Nearly 1 in 3 Michigan children are overweight or obese.
Unfortunately, a “normal” diet in America has shifted in a direction that permits people of all ages to choose convenience foods and sugary beverages over healthier options. In addition to poor food choices, serving sizes have largely exceeded what the body naturally needs.
Implementing healthier habits early in life ensures a child’s body is functioning properly while lowering the risk of chronic conditions.
Ensuring a healthy future
Be a role model: In the first years of life, children learn what, when and how much to eat by observing the behaviors of those around them. When a family’s daily diet embraces excess sugar, salt and trans fats instead of nutritional options like veggies and fruits, adolescents will mirror those dietary habits and have a harder time changing them later in life.
Work together: Initiating conversations around health and wellness can give a child insight on the importance of properly fueling their body. Cooking meals together at home is a great opportunity to discuss healthy options, while demonstrating basic culinary skills and encouraging them to take an interest in their health and make smarter choices on their own.
Limit screen time: An unhealthy diet paired with inactivity is a recipe for disaster. Ensuring children get a break from phones, iPads and/or video games positively impacts their physical and mental well-being. Signing up for a sport, playing outside or finding creative ways to get moving in the house can stimulate young brains and endorse healthier habits.
Stop the pop: The role of soft drinks in the risk of childhood obesity is undeniable. Allowing children to indulge in sugary beverages on a regular basis can alter taste buds to crave higher amounts of sugar and perpetuate an addictive craving over time. Steer clear of refined sugars and soft drinks to improve a child’s brain, dental and developmental health.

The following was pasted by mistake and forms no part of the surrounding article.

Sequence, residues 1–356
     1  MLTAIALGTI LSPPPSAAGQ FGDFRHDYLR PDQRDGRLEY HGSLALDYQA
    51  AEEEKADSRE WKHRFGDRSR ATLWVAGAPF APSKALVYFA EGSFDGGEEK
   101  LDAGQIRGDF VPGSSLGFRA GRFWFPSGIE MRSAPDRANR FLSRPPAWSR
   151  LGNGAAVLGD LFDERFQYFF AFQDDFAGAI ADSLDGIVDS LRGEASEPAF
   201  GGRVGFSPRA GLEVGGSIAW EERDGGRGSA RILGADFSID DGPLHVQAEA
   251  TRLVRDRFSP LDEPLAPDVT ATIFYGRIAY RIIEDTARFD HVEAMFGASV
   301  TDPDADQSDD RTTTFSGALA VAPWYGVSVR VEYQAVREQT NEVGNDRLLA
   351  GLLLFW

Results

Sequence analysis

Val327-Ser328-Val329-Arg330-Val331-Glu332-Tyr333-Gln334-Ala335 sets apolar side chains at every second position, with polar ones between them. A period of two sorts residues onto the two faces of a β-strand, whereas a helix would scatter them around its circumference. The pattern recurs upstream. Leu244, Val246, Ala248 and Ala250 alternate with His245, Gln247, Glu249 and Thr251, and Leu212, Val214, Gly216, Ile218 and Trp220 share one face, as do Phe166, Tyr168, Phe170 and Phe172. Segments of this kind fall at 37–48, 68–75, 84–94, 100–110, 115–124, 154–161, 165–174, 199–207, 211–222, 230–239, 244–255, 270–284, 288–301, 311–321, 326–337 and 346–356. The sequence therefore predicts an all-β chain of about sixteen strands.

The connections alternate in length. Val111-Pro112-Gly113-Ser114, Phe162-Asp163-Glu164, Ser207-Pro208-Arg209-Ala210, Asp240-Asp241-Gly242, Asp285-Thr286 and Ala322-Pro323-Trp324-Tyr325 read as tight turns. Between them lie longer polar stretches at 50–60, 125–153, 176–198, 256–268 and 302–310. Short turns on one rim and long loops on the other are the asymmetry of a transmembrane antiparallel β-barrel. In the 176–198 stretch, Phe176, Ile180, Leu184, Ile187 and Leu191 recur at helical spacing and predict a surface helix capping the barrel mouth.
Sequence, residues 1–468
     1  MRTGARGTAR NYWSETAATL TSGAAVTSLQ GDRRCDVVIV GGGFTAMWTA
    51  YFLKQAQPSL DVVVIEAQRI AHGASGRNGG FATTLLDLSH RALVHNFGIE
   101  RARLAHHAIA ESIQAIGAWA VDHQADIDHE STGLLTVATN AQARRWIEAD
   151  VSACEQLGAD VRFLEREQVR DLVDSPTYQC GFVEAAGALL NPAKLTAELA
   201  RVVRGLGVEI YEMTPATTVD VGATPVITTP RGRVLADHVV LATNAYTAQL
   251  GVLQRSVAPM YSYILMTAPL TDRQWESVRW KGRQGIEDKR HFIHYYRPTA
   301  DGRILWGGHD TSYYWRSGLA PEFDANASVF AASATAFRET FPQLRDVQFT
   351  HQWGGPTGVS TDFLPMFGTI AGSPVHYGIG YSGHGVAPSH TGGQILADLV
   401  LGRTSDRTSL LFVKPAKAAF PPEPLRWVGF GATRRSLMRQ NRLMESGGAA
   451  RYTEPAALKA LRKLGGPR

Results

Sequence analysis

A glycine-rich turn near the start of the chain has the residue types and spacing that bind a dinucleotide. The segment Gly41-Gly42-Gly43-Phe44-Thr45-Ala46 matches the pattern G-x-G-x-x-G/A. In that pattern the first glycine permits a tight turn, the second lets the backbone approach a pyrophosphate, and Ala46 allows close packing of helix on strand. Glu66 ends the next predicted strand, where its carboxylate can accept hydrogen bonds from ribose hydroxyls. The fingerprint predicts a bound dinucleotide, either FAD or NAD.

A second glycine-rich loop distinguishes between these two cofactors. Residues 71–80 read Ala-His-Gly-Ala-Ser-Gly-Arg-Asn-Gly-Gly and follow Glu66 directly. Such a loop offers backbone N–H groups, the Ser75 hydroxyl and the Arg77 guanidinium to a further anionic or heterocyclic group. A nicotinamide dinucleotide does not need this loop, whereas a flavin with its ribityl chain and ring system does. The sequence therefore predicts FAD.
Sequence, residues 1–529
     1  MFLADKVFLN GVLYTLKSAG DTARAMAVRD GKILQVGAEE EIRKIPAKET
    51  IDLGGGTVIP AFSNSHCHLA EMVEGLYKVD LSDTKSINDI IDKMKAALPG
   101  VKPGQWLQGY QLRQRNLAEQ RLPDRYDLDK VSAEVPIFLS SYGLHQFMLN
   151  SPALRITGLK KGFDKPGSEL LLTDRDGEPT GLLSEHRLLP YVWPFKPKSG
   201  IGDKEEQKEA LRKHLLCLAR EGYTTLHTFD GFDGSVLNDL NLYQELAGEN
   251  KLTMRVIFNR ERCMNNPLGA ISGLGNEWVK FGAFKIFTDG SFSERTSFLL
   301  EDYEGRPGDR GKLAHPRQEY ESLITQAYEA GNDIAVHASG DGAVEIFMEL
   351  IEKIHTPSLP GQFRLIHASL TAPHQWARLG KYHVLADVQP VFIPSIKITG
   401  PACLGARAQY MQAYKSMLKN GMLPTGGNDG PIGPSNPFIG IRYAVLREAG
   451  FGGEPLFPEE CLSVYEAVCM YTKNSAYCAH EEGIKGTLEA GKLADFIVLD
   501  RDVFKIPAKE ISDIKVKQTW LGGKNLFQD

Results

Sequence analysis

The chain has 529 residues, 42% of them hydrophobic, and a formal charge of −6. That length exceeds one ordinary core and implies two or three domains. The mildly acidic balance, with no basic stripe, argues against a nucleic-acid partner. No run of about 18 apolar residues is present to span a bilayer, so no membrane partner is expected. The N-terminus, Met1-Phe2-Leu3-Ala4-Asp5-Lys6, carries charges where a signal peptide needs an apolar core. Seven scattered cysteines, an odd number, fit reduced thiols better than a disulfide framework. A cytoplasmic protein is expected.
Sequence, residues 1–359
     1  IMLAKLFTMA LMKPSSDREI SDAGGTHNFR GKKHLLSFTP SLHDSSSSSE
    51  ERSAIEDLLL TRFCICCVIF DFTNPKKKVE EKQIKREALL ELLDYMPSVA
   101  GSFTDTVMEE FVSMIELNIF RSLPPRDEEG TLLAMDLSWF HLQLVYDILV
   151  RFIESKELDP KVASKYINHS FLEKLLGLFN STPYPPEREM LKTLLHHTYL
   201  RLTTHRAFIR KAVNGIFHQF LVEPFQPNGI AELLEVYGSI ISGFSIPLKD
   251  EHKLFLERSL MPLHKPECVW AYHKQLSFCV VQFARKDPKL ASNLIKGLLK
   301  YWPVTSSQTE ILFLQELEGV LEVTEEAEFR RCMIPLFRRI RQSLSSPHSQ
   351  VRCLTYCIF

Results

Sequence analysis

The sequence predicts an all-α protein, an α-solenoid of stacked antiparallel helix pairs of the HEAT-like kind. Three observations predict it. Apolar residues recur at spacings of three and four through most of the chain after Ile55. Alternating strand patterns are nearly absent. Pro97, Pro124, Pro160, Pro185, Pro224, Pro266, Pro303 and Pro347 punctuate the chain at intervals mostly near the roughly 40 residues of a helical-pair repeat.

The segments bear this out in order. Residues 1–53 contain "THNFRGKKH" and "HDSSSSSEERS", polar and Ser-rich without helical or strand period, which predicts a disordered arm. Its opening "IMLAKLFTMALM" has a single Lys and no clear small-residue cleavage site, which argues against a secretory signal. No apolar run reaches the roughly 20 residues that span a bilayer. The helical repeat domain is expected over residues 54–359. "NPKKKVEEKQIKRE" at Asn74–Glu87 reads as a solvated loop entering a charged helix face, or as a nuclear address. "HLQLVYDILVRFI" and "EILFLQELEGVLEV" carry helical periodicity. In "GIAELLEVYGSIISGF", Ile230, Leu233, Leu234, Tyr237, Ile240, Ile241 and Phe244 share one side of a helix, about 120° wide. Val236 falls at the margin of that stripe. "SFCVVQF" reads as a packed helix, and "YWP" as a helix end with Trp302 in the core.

Bones: When a child’s diet includes food that are rich in nutrients, including calcium, dairy, vitamins and protein, it strengthens healthy bone density and promotes growth while minimizing the likelihood of osteoporosis and other brittle bone disorders.
Brain: From pregnancy throughout early childhood, a nutritional diet helps young brains function and grow. A deficiency of glucose, vitamins, minerals and proteins can lead to undeveloped neurotransmitters and a higher risk of mental disorders.
Muscles: Nutritional foods endorse skeletal development and play an important role in maintaining normal muscle function throughout life. Experts suggest a plant-based diet consisting of fresh fruits and vegetables, healthy fats, whole grains and lean meats.
Vascular system: The heart, blood and vessels work together and rely on a diet rich in nutrients to efficiently deliver oxygen throughout the body. Regularly consuming unhealthy fats and sodium creates excess cholesterol and can harm circulatory health early in life.
Lower risk of chronic conditions
Ensuring a child’s nutritional health helps to avoid serious issues later in life, including chronic conditions such as obesity, Type 2 diabetes, heart disease, hypertension, high cholesterol, osteoporosis, depression and eating disorders.
Dr. T. Jann Caison-Sorey is an associate medical director at Blue Cross Blue Shield of Michigan. For more health tips, visit AHealthierMichigan.org.